Monday, August 18, 2008

The Smart One by Ellen Meister

Ellen Meister is one of my cyber-friends and a GCCer too. I read her first book Secret Confessions of The Applewood PTA and loved it, so I'm certain her second book The Smart One will be just as good or better. Ellen was kind enough to answer some question from me about her writing life and her new book.




Tell us about your latest book.

THE SMART ONE is a sister story with a bright voice, a dark crime and more humor than I expected. (Sometimes my characters surprise me!)

The three sisters in this book mix like oil, water and hundred-proof gin . . . a combination that threatens to combust over family tensions, suspected infidelities, a devastating accident, a stunning confession, and the sudden reappearance of their handsome, now all-grown-up former neighbor, Kenny Waxman, who's back in town making his mark as a TV comedy writer.

It seems like the sisters will never understand where their differences begin and their own destructive tendencies end. Then it happens: they discover a decades-old body stuffed inside an industrial drum and begin a bold, heartbreaking, and sometimes hilarious journey that will either bring them together . . . or tear them apart for good.



What pulled you into this story, and as a writer made you think 'I have to write this'?

When I got the idea to explore the ways in which we continue to define--and limit--ourselves by our childhood labels, I knew I had the beginnings of a novel I would want to read. And when I sat down and wrote an experimental chapter and my protagonist's voice emerged, I knew I had the beginning of a novel I wanted to write!


Tell us about your writing process. Do you outline or are you more organic?

It's a combination for me. I start out thinking about the idea for a long time, and then I make notes. In the beginning they're very stream-of-consciousness--just random thoughts about my characters and story. Then a plot begins to emerge, and I start a rough outline. Before too long, though, I have to try my hand at a couple of chapters to get an idea of the voice and pacing, so I can figure out just how much story I'll need to fill a book. After that I go back and finish the outline ... which winds up being a very fluid document that I change as I go along.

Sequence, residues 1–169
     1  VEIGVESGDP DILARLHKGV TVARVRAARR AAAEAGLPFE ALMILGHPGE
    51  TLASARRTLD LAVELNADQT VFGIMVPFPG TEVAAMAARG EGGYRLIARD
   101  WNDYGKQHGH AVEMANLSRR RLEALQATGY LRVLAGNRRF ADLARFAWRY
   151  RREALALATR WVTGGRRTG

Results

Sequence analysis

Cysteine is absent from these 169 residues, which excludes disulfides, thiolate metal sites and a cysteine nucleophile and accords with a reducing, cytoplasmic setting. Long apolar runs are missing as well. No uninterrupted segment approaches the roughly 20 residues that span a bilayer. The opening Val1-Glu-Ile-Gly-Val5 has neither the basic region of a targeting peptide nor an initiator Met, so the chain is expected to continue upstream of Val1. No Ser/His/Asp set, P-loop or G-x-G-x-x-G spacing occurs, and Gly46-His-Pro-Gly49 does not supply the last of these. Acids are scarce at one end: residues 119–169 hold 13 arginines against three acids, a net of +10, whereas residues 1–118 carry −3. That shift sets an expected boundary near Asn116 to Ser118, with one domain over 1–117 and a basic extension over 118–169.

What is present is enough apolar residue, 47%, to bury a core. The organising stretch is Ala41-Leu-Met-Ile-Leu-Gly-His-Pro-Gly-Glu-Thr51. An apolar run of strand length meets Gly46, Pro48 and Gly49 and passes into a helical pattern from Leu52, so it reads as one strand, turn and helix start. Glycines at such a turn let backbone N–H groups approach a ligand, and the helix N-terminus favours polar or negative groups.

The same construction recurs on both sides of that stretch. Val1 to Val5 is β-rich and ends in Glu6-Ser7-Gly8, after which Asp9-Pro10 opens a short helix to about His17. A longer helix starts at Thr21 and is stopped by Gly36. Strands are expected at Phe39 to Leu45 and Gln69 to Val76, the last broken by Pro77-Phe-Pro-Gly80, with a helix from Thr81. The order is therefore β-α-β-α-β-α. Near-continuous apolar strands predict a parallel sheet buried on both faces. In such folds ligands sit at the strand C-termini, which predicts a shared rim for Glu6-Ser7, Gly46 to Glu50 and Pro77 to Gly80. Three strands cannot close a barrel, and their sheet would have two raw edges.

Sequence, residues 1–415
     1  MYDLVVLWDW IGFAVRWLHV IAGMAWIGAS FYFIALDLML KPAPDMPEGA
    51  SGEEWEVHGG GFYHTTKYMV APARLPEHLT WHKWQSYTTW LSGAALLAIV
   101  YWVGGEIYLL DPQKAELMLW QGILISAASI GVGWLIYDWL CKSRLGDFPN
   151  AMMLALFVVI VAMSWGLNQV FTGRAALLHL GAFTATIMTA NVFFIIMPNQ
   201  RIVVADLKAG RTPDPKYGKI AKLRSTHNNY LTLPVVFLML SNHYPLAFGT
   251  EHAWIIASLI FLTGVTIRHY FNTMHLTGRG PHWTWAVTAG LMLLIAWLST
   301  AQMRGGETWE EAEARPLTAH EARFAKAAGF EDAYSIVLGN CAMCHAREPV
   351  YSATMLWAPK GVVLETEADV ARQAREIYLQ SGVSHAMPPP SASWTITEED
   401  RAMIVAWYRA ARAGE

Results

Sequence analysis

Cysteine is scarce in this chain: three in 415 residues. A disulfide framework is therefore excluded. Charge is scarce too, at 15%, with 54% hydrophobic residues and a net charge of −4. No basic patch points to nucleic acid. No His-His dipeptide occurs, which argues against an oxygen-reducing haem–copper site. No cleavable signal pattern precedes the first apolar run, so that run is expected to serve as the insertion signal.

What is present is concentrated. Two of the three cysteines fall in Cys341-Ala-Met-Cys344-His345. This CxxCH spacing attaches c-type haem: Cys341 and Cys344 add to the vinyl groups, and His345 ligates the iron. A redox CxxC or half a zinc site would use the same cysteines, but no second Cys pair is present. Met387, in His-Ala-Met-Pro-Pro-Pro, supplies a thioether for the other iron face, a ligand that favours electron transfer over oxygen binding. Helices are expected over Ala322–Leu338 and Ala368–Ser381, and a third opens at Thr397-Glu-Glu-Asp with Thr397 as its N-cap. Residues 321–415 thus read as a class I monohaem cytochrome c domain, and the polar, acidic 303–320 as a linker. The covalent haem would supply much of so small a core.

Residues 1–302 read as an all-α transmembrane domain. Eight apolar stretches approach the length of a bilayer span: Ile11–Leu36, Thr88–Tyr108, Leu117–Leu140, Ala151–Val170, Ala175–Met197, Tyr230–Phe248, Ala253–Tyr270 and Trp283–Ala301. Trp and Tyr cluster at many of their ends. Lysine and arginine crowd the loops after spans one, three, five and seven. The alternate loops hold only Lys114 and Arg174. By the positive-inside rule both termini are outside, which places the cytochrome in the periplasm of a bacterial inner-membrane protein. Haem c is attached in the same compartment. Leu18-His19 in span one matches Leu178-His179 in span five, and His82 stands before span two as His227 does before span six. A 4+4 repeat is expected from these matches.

What is a typical writing day like for you?

I have three kids, so there's no such thing as a typical day. But I usually get up at 5 am and make myself some strong coffee. Once the caffeine kicks in, I get to work until the children awake. Then, after they leave for school, I'm back to my desk. I have to admit that I'd get a lot more done if I weren't an internet junkie!


For you, what is the most difficult part of being an author?

The writing itself is pretty damned hard ... especially when I have an edit that requires unraveling a lot of my plot. That always makes me want to smash my head against the keyboard. But I have to admit that the most difficult part of the process is all the waiting and anticipation, especially when it involves hearing from an agent or an editor about my precious newborn work.


What do you love about being an author?

Ah, my favorite question ... and so easy to answer! My favorite part is hearing from readers who I've touched in some way. That makes the whole thing worthwhile.

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